California Marijuana Advertising Regulations


California Marijuana Advertising Regulations

Jul 19 2017, by Jessica McElfresh in Legal Blog, Marijuana Business

If you’re a cannabis business owner, you know that one of the best ways to attract clients is to advertise. But with cannabis being such a controversial product, the regulations applying to marijuana business advertising are very strict and complicated. Before you take out an ad in a newspaper, or buy radio or television slot, you should carefully read all applicable regulations and make sure you’re on the right side of the law.

Better yet, you can retain the services of a San Diego cannabis business lawyer to help you navigate the complex regulations that apply not just to the advertising of your marijuana business, but also its day-to-day operations. At McElfresh Law, we have a proven track record of helping Southern California cannabis business reach their goals. Call us today at (858) 756-7107 to schedule a consultation.

How Do I Legally Advertise My Cannabis Business in California?

Proposition 64, also known as the Adult Use of Marijuana Act, lays out many restrictions on cannabis advertising in the state:

  • Any advertisement must accurately and clearly identify the business.
  • No billboards featuring cannabis are allowed on a highway or interstate that crosses the border of neighboring State.
  • Ads cannot target anyone under 21 years of age.
  • Promotional materials cannot use language, music, gestures, symbols, graphics, characters, or any other content associated with people under 21 years of age.
  • No billboard or signs advertising cannabis may be placed within 1,000 feet of a youth center, daycare, or school.
  • Businesses cannot give away cannabis or cannabis accessories as a promotional tool.
  • No TV or radio ads can be placed in a slot where less than 71.6 percent of the audience are over 21 years of age, as determined by reliable and up-to-date audience composition data.
  • All advertising statements must be true and substantiated.
  • Any direct marketing campaign or materials must accurately confirm the age of its targets before entering into communication with them.

What About Federal Laws?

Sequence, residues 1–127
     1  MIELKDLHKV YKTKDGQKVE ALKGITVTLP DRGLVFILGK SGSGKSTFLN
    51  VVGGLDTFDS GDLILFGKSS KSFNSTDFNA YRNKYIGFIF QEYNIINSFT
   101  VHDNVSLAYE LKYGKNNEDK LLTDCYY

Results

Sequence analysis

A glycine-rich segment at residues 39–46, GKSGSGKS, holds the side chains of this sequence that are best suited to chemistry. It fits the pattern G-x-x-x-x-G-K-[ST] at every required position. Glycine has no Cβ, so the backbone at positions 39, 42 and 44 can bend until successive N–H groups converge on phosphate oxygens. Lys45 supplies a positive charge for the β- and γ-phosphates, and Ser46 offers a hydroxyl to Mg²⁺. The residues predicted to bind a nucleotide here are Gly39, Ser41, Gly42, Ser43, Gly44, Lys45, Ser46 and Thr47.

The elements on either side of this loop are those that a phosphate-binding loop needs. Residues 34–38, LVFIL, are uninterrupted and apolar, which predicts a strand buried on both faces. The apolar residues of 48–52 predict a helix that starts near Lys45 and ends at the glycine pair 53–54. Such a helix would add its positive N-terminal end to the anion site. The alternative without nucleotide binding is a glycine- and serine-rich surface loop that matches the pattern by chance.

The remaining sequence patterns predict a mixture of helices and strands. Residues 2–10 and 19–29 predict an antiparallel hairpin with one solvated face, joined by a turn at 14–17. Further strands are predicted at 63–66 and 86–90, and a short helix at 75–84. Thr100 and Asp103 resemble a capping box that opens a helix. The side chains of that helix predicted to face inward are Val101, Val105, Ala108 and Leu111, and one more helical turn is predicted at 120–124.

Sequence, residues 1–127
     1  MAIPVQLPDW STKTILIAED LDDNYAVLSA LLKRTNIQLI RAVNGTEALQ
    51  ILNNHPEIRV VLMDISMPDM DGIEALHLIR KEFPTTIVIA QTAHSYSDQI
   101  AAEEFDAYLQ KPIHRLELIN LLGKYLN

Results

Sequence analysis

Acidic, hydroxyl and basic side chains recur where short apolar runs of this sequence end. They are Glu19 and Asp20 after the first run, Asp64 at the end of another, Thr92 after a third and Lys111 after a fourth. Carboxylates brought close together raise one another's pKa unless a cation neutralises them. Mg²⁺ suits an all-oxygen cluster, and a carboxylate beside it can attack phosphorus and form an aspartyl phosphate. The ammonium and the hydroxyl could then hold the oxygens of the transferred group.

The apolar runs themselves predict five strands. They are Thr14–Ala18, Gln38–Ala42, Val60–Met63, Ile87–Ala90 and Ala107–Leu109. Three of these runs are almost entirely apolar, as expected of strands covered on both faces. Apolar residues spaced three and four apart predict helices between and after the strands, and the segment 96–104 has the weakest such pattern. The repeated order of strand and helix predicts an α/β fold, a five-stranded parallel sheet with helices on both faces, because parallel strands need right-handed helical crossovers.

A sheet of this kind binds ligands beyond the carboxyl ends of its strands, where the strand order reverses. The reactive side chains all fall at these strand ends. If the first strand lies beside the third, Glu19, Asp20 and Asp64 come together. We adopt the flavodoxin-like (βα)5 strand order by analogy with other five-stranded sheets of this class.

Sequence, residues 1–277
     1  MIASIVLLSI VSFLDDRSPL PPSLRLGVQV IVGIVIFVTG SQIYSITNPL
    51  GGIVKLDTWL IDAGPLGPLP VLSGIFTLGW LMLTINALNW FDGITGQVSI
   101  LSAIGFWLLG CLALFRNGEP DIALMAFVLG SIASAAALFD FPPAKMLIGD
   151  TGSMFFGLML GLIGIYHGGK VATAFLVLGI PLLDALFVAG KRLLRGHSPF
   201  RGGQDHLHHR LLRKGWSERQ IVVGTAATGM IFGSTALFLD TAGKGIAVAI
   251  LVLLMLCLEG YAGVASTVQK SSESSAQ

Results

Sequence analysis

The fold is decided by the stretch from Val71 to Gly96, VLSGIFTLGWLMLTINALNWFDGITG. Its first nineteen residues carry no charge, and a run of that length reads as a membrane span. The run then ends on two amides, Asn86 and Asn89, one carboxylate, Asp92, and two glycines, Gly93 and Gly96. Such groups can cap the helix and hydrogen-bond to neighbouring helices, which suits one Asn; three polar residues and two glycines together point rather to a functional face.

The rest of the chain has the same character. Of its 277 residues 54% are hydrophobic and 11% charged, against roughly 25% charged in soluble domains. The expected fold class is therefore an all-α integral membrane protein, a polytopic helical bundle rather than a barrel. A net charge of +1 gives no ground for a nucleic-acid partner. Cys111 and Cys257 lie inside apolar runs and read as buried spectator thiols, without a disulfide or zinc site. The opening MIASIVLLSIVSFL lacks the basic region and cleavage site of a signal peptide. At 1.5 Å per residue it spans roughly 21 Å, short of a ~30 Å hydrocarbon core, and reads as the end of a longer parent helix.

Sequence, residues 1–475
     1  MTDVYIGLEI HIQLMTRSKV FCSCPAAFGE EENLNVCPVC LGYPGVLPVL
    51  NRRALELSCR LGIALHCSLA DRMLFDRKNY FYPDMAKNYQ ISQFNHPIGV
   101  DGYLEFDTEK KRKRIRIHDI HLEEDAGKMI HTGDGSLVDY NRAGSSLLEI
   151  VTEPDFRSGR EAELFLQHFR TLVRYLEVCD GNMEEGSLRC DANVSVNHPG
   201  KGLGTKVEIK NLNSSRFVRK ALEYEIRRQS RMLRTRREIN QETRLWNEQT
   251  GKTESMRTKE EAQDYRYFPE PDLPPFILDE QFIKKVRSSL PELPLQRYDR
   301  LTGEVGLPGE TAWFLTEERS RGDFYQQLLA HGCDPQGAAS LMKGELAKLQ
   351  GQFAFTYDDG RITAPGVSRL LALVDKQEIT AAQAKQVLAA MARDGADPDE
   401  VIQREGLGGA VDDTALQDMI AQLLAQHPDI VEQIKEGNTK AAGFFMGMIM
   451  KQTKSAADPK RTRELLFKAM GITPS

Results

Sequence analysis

According to the Controlled Substances Act (CSA), it’s a felony to “place in any newspaper, magazine, handbill, or other publications, any written advertisement knowing that it has the purpose of seeking or offering illegally to receive, buy, or distribute a Schedule I controlled substance.” This offense is punishable by up to four years in prison.

Another part of the CSA reads: “It shall be unlawful for any person to knowingly or intentionally use the Internet, or cause the Internet to be used, to advertise the sale of, or to offer to sell, distribute, or dispense, a controlled substance where such sale, distribution, or dispensing is not authorized by this subchapter.”

Until now, the federal government has not prosecuted anyone for publishing cannabis advertisements in states where it’s legal. In 2011, United State Attorney Laura Duffey of San Diego alluded to the possibility of cracking down on local newspapers running cannabis advertisements, but nothing came of her threats. But under the direction of the new Attorney General, the Department of Justice may adopt a new policy and begin to enforce these rules.

At McElfresh Law, we closely follow all changes to local, state, and federal laws that might affect our clients. Our goal is to give our clients the keys to successfully open and grow their California cannabis businesses. If you want to talk to an experienced California cannabis lawyer, call us today at (858) 756-7107 to schedule a consultation.

California marijuana laws change frequently. For updated information, see the following pages: Medicinal Uses of Marijuana and Recreational Marijuana Business